A CLAMPDOWN on empty properties will be stepped up by Cheshire East Council next year after members agreed to hike fees levied at their owners.

The local authority increased a premium on empty properties in April 2019 – meaning owners of homes that have been empty for at least two years pay double the amount of council tax other households pay.

CEC also reduced the amount of time an empty rental property can have a council tax discount from eight weeks to six weeks.

But at Thursday’s full council meeting, members agreed to toughen up those rules again.

Owners of properties that have stood empty for five years will now pay three times the standard rate of council tax from April 2020 – while the discount for all empty rental properties will be cut again to four weeks.

Labour Cllr Nick Mannion, cabinet member environment and regeneration, said: “There are far too many residential properties in this country that stand empty for no other reason than the owner choosing to let them stand empty – there is no structural reason, there is no engineering reason why they are empty.

Winsford Guardian:

“I am amazed at the length of times some residential properties that could be brought back into use very quickly have been allowed to stand empty – in some cases, two or three decades.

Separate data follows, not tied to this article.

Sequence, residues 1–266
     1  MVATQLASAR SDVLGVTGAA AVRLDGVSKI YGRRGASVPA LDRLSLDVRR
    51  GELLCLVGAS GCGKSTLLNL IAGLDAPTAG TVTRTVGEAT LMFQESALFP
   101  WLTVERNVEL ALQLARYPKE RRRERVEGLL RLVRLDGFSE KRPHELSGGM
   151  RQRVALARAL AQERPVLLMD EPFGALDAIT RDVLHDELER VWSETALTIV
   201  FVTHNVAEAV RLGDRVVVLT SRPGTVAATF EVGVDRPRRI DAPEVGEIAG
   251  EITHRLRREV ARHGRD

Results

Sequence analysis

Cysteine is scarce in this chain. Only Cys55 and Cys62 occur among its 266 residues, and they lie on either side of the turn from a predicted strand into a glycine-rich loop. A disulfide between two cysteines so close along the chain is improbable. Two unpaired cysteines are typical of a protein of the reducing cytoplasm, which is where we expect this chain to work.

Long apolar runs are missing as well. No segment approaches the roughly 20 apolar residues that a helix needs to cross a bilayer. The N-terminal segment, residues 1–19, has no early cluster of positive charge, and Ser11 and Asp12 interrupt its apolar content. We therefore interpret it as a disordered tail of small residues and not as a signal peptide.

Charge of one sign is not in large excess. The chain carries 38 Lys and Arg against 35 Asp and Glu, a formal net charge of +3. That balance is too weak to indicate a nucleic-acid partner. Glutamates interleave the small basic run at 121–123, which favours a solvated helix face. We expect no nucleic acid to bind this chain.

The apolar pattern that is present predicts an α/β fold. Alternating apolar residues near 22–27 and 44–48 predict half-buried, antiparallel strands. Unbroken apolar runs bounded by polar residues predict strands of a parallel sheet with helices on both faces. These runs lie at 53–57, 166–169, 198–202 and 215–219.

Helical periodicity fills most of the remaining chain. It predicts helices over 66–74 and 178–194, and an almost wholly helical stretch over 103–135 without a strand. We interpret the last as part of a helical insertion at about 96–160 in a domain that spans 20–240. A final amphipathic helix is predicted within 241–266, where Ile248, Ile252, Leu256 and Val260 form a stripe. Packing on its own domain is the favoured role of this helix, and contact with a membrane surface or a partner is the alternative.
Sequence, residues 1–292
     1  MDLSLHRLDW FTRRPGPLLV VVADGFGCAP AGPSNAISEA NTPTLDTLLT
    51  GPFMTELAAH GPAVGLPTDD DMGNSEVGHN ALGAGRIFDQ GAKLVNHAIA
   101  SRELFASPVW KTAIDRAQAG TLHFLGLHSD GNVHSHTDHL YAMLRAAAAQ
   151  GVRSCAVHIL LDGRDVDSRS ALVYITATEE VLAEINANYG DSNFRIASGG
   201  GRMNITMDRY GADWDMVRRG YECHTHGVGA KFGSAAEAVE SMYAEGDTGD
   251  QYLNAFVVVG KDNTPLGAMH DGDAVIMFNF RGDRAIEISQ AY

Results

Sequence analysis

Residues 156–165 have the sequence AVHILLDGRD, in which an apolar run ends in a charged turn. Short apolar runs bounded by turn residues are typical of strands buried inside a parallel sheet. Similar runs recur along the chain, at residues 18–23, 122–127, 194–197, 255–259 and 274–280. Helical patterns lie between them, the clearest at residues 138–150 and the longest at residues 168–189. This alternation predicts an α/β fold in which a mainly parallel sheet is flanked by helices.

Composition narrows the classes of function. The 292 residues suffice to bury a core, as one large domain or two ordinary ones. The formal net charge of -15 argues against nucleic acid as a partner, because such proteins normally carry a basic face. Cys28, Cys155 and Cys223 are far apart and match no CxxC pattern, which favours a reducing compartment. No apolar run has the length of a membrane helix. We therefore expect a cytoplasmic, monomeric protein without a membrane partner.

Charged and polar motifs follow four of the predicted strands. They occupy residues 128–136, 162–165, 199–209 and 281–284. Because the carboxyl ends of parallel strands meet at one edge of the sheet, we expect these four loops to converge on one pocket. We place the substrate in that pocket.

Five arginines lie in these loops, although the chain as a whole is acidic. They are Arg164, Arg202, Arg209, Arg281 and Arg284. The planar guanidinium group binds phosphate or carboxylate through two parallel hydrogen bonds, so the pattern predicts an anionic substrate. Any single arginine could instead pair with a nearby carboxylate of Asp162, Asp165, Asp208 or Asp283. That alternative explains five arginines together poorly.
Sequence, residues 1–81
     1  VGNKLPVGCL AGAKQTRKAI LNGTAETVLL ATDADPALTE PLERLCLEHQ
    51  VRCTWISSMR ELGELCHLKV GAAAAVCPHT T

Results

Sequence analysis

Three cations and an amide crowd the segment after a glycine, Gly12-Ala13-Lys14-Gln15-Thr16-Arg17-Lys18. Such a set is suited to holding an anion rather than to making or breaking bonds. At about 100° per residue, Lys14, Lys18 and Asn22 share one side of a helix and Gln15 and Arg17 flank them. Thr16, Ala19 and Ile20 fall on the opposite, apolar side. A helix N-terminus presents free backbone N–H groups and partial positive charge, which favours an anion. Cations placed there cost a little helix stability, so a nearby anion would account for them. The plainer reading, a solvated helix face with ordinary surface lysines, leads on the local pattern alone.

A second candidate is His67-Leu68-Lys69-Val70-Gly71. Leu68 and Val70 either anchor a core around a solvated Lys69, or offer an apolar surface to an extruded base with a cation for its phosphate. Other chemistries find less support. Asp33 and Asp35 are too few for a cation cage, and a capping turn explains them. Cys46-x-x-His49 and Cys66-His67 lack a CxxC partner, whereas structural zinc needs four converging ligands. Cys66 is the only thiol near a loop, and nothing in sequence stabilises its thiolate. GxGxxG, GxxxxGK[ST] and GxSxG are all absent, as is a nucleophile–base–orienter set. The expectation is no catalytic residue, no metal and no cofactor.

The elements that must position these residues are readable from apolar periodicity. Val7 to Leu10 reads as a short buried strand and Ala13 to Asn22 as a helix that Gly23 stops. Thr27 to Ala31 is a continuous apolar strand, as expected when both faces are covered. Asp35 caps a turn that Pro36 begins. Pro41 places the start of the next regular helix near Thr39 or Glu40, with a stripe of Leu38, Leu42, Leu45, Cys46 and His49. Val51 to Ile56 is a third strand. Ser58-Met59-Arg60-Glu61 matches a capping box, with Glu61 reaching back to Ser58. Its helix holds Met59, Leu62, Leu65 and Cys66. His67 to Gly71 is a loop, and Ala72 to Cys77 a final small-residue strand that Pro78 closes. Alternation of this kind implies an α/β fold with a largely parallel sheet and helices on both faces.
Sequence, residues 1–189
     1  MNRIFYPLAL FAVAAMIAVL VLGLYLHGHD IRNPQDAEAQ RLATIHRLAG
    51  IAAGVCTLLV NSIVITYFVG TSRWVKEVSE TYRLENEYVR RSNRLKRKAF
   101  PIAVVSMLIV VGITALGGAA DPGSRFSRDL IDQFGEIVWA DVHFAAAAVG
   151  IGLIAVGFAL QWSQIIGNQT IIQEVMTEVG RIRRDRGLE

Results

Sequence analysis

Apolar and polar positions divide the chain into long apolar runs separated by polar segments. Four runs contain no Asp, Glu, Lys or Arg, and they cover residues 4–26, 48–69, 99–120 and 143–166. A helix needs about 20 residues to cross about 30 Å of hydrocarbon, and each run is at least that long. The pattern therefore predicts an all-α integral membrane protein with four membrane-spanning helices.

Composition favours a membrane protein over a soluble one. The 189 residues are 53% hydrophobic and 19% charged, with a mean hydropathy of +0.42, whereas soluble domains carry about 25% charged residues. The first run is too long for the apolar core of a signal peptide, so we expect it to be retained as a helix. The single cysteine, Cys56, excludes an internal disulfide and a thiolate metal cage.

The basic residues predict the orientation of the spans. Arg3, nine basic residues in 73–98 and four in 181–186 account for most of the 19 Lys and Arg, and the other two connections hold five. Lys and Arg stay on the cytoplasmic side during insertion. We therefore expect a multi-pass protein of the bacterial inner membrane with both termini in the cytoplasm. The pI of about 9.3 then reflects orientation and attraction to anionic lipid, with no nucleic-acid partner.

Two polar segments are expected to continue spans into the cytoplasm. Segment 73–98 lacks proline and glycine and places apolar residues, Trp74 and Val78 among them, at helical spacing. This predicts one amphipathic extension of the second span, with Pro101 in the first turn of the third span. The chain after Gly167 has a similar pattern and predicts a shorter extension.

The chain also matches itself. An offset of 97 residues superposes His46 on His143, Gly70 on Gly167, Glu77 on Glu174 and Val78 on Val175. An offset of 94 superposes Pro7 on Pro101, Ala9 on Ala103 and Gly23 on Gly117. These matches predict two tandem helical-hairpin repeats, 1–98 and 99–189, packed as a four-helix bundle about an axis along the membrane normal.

“And this at a time when we’ve got an ever-increasing number of families in housing need, and particularly at this time of year, we still have people living on our streets sleeping rough.

“Any way to bring properties back into use must have a beneficial impact across all the residents of Cheshire East.”

Since April 2013, local authorities have had the power to charge a premium to owners of properties which have stood unoccupied and unfurnished for at least two years.

That used to involve a limit to the premium of an additional 50 per cent on the rate of council tax – but the Government relaxed those rules in 2017.

Cllr David Marren, independent, welcomed the clampdown – and called the penalties to be increased further in future.

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He said: “The renting of homes is a business, and from time to time they do run empty, as a consequence of running a business.

“I don’t particularly see why businesses should be benefitting from six weeks of discounts and I support it being reduced to four.

“However, I have to say that I am personally disappointed that we have to wait five years before the premium is applied.

“There are a number of empty homes that fall into disrepair – their gardens become overgrown, the hedges are overgrown, they become a blight on neighbouring properties and so neighbouring properties can’t actually be sold because of some of these empty homes.”

However, while he supported the changes, Conservative Cllr Tony Dean called for a ‘quick appeals process’ for cases where homes are empty through ‘no fault of the owner at all’.

Winsford Guardian:

“I do personally know of two or three properties which are held up in legal complications,” he added.

“One of them for instance was invaded and made into a marijuana farm and it’s still in the courts, so it would be very unfair to charge the owner for the fact it’s been empty for so long, it’s not his fault.”

Cllr Amanda Stott, cabinet member for finance, ICT and communication, told Cllr Dean she would ‘look into the matter’.